Fri | Aug 7, 2020

Growth & Jobs | Money can be made from farming – Brooks

Published:Tuesday | October 15, 2019 | 12:00 AMCecelia Campbell Livingston/Gleaner Writer
Clarendon farmer Donovan Brooks.

Farming has been the only thing that Donovan Brooks has known. Growing up with his parents, who were farmers, he never thought of another career. He has been tilling the soil for years and eking out a living for his family.

Filled with confidence and determination, he toiled away in the fields at Rock in Osborne Store, Clarendon, managing to make ends meet … until the headache and the negative effects of climate change started to give him more challenges than he could handle.

“What really happen with the change in the system is that we on this side depend on rainfall and for months, sometimes, we don’t have anything. We have to just wait on a little bit of rainfall,” Brooks told The Gleaner.

For him, it is the conviction that money can be made from farming that sees him riding out the storm during the bad times.

Realising that they could not live like that, the farmers’ group approached Central Jamaica Social Development Initiative (CJSD), lead by Damion Young, managing director, for a solution.

CJSD partnered with the Environmental Foundation of Jamaica (EFJ) in developing a project for the farmers in Rock to ensure that they could plant crops all year round.

“Two things worked against the farmers in that area – due to the depletion of trees and the extent to which bauxite has been mined from the lands, it contributed to the removal of shrubs and trees and so forth, and to couple with that, the advent of climate change, the area has started to experience less and less rainfall,” Young pointed out.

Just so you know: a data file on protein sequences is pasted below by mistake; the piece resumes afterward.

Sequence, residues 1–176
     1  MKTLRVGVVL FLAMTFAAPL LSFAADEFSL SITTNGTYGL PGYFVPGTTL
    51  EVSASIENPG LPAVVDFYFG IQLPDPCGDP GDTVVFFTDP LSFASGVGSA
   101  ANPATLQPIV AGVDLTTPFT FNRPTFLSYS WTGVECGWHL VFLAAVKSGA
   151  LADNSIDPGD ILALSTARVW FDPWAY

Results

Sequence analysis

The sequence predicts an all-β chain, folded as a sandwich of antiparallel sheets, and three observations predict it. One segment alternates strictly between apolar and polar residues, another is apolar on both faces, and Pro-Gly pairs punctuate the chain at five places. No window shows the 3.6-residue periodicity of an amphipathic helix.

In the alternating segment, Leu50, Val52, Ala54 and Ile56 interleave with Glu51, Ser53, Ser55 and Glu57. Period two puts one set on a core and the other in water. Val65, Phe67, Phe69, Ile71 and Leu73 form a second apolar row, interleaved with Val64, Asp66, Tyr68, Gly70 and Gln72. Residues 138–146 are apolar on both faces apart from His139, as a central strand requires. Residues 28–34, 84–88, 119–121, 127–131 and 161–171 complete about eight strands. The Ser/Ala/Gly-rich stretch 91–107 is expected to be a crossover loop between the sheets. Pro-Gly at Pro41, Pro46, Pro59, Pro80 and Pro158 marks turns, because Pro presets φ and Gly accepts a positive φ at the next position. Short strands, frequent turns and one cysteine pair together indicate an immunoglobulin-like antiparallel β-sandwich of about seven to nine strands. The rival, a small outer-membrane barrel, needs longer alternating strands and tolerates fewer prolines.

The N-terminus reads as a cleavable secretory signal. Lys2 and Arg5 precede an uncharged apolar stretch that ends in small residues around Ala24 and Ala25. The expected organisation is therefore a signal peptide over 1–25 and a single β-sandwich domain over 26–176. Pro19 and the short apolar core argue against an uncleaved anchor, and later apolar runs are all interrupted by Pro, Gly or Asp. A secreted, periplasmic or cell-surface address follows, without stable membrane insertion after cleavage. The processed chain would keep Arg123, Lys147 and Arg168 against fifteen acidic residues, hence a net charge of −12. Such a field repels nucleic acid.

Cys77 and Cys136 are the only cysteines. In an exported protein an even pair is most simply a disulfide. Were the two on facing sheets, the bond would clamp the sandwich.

WATER-HARVESTING FACILITY

He said it was their plight that saw him working with them to write a project to the EFJ, resulting in the farmers benefiting from a grant.

“Now, the farmers are beneficiaries of a massive water-harvesting facility, which is really an earthen pond that is aligned with a particular type of plastic which traps the water,” Young said.

Brooks and the other farmers from the community benefited from a water catchment tank, pumping mechanism to extract the water, and a number of black tanks and agricultural inputs, such as seeds fertilisers and tools.

A relieved Brooks said he is grateful to both Young and the EFJ as he can continues to enjoy the benefits of his profession.

“For those scoffing at farming, I just want to say, money can be made from it. It is not easy, but if you persist,” he said, sharing that he bought a piece of land and is now building his house on it.

Brooks, who does cash crops – sweet pepper, Scotch bonnet pepper, tomatoes, and also some livestock – said he and the other farmers are very excited thinking about their future.